Additional book recommendations from Barb Raznick, Director of the Brodsky Library:

For those who like picture books, there are numerous new Jewish books beyond those that are sent to the participants of the PJ Library. These all can be read to the very youngest and read by themselves by 7 and 8 year old kids. Some of my favorites that each impart important lessons in an easy and non-threatening manner include: 

  • “Room Enough for Daisy” by Debby Waldman and Rita Feutl – inspired by a Yiddish folktale, a young girl’s clever mom helps her realize that “less is more” and to choose what is most important.
  • “Lights Out Shabbat” by Sarene Shulimson – a family learns to really appreciate Shabbat when even the electricity takes a day of rest.
  • “The Apple Tree’s Discovery” by Peninnah Schram and Rachayl Eckstein Davis – famed storyteller Schram re-tells the tale of an apple tree who realizes that there is a star in everyone, even an apple. This book has some wonderful illustrations by Wendy W. Lee.
  • There never seems to be enough “chapter books” for those children who are just beginning to read. Some of my brand new favorites, each based on a familiar story include:
  • “Look for the Lorax” by Tish Rabe – for kindergarteners who are just beginning to recognize words.
  • “The Berenstain Bears at the Aquarium” by Jan and Mike Berenstain – who does not love the Berenstain Bears. Familiar characters entice eager new readers with simple sentences.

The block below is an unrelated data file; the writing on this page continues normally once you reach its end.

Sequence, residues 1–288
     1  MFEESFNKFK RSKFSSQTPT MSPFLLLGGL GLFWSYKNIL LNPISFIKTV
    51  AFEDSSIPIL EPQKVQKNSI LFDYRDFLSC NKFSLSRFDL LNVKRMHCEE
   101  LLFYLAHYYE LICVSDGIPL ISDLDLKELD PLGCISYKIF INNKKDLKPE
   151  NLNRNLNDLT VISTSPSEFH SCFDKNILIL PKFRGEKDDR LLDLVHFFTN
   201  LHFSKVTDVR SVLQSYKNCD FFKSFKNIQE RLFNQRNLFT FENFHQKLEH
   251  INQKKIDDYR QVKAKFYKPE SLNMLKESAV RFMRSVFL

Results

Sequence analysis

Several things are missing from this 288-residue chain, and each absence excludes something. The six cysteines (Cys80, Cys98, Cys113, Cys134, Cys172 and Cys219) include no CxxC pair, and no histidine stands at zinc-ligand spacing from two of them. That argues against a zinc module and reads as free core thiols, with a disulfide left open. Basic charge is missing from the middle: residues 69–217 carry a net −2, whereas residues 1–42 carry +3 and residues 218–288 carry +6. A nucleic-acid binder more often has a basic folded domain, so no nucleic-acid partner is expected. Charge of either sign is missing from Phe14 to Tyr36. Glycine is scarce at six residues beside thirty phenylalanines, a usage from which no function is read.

• For 6 and 7-year-olds who are reading well enough to enjoy a simple story, I highly recommend “Pinkalicious: the Princess at Pink Slumber Party” by Victoria Kerr, “Flat Stanley at Bat” by Lori Haskins Houran and “Marley Not a Peep” by Susan Hill. Some readers may need help by parents for some of the words, but kids will be engaged by the stories of these familiar characters.

For the 8 and over crowd, I recommend:

  • “A Bundle of Trouble: a Rebecca Mystery” by Kathryn Reiss – the 8th book in the series based on Rebecca, the Jewish American Girl doll. This is a good series to acquaint young readers with historical fiction. Although this title may be a little scary for some children, as it deals with kidnapping, it is a suspenseful adventure in 1914 New York.

“Sami’s Sleepaway Summer” by Jenny Myerhoff – Sami is very apprehensive about going to camp, but finds not only an adventure, but delicious Shabbat dinners, funny new friends and many surprises. This book is a great introduction for kids who may be going away to camp for the first time.

These and many more books for children can be found at the Brodsky Library.